Sometimes it really is all about the regime type

The topic de la semaine around here has been how, regardless or regime type, all governments face domestic politics and political constraints.  Just to push back on that theme, however, it is worth remenbering that not all political regimes were created equal.  For Exhibit A on this theme, let’s wander over to Alistair Smith and Alejandro ...

By , a professor of international politics at the Fletcher School of Law and Diplomacy at Tufts University.
THONY BELIZAIRE/AFP/Getty Images
THONY BELIZAIRE/AFP/Getty Images
THONY BELIZAIRE/AFP/Getty Images

The topic de la semaine around here has been how, regardless or regime type, all governments face domestic politics and political constraints.  Just to push back on that theme, however, it is worth remenbering that not all political regimes were created equal.  For Exhibit A on this theme, let's wander over to Alistair Smith and Alejandro Quiroz Flores "Disaster Politics" essay for Foreign Arrairs (hat tip:  Laura Rozen): 

On January 12, 2010, Haiti’s capital, Port-au-Prince, was struck by a 7.0-magnitude earthquake that caused widespread destruction and killed approximately 222,000 people. The next month, Chile was hit by an 8.8-magnitude earthquake -- approximately 500 times stronger than that in Haiti -- but only 500 people died.

The topic de la semaine around here has been how, regardless or regime type, all governments face domestic politics and political constraints.  Just to push back on that theme, however, it is worth remenbering that not all political regimes were created equal.  For Exhibit A on this theme, let’s wander over to Alistair Smith and Alejandro Quiroz Flores “Disaster Politics” essay for Foreign Arrairs (hat tip:  Laura Rozen): 

On January 12, 2010, Haiti’s capital, Port-au-Prince, was struck by a 7.0-magnitude earthquake that caused widespread destruction and killed approximately 222,000 people. The next month, Chile was hit by an 8.8-magnitude earthquake — approximately 500 times stronger than that in Haiti — but only 500 people died.

Why the disparity? For one, Chile rigorously enforces strict building codes, so there was less immediate damage to the infrastructure near the earthquake’s epicenter. The government of President Michelle Bachelet was also quick to act once the earthquake hit. It immediately began to coordinate international and domestic relief efforts to get supplies and shelter to those in need. In contrast, there is no national building code in Haiti, and the country’s government was barely functional even before the earthquake, let alone after….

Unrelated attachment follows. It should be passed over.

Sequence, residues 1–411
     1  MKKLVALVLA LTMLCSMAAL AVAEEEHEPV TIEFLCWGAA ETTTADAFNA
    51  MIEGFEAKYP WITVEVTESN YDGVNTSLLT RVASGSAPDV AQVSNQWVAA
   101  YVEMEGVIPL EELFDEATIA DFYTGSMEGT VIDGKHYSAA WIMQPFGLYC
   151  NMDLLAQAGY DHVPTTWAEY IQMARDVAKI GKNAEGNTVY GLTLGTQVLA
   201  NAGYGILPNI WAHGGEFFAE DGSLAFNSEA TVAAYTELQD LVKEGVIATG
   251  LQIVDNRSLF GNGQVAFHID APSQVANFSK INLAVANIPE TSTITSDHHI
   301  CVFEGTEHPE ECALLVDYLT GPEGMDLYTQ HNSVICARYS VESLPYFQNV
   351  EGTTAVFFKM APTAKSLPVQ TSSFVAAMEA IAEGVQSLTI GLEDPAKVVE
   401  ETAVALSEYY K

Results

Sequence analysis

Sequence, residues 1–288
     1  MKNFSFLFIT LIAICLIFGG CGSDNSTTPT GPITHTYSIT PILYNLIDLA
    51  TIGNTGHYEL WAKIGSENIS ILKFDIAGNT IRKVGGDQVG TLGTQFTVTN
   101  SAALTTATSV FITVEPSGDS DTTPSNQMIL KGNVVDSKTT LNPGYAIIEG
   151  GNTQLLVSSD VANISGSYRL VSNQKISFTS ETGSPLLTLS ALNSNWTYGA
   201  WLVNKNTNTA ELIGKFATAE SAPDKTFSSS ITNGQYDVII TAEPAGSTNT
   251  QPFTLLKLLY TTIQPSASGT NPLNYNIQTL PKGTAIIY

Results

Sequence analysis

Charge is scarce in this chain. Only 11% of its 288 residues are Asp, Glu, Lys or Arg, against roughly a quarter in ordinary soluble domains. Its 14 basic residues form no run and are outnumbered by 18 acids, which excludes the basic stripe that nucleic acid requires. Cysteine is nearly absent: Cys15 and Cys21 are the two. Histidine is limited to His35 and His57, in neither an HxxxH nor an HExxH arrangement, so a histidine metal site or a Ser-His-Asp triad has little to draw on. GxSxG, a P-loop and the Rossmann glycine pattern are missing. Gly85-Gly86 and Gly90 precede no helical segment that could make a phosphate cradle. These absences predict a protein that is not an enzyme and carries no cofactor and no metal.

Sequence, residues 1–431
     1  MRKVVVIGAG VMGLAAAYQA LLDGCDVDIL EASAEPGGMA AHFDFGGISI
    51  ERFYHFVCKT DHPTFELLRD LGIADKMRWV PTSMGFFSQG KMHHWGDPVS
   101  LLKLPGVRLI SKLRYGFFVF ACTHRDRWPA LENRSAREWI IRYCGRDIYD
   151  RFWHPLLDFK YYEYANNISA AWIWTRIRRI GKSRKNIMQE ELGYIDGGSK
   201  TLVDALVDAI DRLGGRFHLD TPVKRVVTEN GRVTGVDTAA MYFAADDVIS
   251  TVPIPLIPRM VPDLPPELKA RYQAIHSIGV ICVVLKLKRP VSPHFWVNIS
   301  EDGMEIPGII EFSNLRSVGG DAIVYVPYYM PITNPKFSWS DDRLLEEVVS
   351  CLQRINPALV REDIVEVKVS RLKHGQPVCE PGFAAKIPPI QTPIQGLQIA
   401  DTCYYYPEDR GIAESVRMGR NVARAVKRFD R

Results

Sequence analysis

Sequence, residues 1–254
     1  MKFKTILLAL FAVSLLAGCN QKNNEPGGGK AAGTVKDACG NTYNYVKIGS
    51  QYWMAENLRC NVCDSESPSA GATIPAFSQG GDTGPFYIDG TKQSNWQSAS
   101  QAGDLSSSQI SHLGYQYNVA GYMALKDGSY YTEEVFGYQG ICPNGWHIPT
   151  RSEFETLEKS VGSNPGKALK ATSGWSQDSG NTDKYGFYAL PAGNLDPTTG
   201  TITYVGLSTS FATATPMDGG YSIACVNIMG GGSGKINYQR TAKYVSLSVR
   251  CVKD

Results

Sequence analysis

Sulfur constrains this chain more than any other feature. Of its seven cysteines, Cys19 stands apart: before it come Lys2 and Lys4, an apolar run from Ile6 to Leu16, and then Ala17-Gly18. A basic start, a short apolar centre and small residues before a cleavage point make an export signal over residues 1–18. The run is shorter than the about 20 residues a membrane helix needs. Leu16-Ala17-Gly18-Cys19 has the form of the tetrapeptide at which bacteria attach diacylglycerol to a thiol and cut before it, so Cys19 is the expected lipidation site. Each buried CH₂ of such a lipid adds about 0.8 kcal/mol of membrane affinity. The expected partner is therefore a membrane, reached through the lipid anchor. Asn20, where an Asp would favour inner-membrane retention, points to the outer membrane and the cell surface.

It is tempting to suggest that a country’s ability to prepare is a matter of money. After all, the United States and Japan are extremely wealthy. However, although wealth certainly matters, politics are more important….

Political survival lies at the heart of disaster politics. Unless politicians are beholden to the people, they have little motivation to spend resources to protect their citizens from Mother Nature, especially when these resources could otherwise be earmarked for themselves and their small cadre of supporters. What is worse, the casualty count after a disaster is a major determinant of the amount of international assistance a country receives. Relief funds can even enhance a nondemocrat’s hold on power if they are used to buy off supporting elites. Given such incentives, autocrats’ indifference to disaster-related deaths will continue. The fix can only be political — leaders will not use the policies already available to mitigate the effects of natural disasters until they have the incentives to do so.

Smith and Flores have large-N data to back up their assertion.  Read the whole thing — there’s some interesting stuff I left out of the excerpt. 

This finding shouldn’t be that surprising.  It’s of a piece with Amartya Sen’s observation that famines occur in autocracies rather than democracies.  It’s also consistent with the argument Smith and his co-authors made in The Logic of Political Survival

If nothing else, it should tell you which kind of government you want to live under in case… well…. you know

Daniel W. Drezner is a professor of international politics at the Fletcher School of Law and Diplomacy at Tufts University, where he is the co-director of the Russia and Eurasia Program. Twitter: @dandrezner

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